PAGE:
For saying the blindingly obvious:
“Companies and schools should find new ways to authenticate the identities of customers, employees and students that do not involve social security numbers, a U.S. consumer protection agency said on Wednesday as part of recommendations to fight identity theft.”
Now here is the real challenge: could the FTC, a government agency, please communicate this point with Medicare? You, know, the government agency that puts the social security number on the medical benefits card it requires members to carry? The report addresses the use in the “private sector,” but medical use of social security numbers is a huge factor in medical identity theft, synthetic identity theft, and plain ol’ identity theft.
The FTC released the report on December 17, 2008, and you can read it here. All 21 pages of it in double space.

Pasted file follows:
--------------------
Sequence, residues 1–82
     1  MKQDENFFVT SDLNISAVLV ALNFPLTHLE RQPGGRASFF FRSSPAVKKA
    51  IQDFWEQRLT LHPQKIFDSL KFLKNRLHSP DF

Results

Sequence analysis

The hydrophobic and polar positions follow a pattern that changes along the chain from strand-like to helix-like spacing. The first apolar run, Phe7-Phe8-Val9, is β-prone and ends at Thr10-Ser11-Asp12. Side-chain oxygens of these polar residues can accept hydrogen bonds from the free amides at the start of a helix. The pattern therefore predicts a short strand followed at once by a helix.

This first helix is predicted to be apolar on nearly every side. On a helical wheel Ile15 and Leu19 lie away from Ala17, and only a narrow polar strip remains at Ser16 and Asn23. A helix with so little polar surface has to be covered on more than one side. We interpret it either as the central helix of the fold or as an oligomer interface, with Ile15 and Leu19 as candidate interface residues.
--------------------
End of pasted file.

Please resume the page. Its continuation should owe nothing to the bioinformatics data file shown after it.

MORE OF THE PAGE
The “Social Security Number” was created in 1936 for the purpose of tracking workers’ earnings for benefits purposes. Not as a universal identifier. Any good DBA will tell you that only using one “identifier” predicates a high risk of false positives. Newer techniques, such as full name, address, date of birth, place of birth, etc, as a group predicate a much more accurate positive response (“Yes, this is the right person”).
But this additional data is “out there” as well, along with social security numbers. The genie IS out of the bottle.
The report worries about social security numbers data already being out of control. Given how many databases are out there (public and private) with ALL of the above information in storage, I think it is already way out of control, and the other identifying data along with it. Daily reports from the “Breach Blog” saturate my email box. Reading Pogo Was Right only confirms my opinion.
The FTC report seems to be an exercise in “too little, too late.”